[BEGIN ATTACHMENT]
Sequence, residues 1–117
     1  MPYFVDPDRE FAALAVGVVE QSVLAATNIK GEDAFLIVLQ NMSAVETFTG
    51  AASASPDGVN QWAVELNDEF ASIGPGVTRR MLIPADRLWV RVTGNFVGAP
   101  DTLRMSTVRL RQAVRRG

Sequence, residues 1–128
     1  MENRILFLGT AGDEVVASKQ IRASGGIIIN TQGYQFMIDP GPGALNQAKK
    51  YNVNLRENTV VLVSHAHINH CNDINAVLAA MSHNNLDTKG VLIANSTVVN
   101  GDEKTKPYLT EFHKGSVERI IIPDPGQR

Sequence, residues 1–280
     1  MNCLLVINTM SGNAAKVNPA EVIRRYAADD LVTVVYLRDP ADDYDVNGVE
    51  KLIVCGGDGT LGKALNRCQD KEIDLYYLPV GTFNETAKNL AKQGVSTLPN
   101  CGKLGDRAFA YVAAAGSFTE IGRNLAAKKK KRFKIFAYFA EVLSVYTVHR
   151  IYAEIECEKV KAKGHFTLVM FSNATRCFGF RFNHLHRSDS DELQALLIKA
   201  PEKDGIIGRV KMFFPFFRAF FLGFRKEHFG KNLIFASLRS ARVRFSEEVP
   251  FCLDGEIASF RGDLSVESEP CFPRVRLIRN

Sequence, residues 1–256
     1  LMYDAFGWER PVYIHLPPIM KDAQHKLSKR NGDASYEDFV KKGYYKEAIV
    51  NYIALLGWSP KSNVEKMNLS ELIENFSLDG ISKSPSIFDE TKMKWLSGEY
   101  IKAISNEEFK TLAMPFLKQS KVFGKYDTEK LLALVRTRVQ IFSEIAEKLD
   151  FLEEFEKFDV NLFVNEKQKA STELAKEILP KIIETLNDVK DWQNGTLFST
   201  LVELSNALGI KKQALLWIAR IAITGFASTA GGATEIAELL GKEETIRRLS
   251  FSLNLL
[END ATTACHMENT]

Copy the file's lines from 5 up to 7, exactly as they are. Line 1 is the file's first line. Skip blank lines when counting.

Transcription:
Sequence, residues 1–128
     1  MENRILFLGT AGDEVVASKQ IRASGGIIIN TQGYQFMIDP GPGALNQAKK
    51  YNVNLRENTV VLVSHAHINH CNDINAVLAA MSHNNLDTKG VLIANSTVVN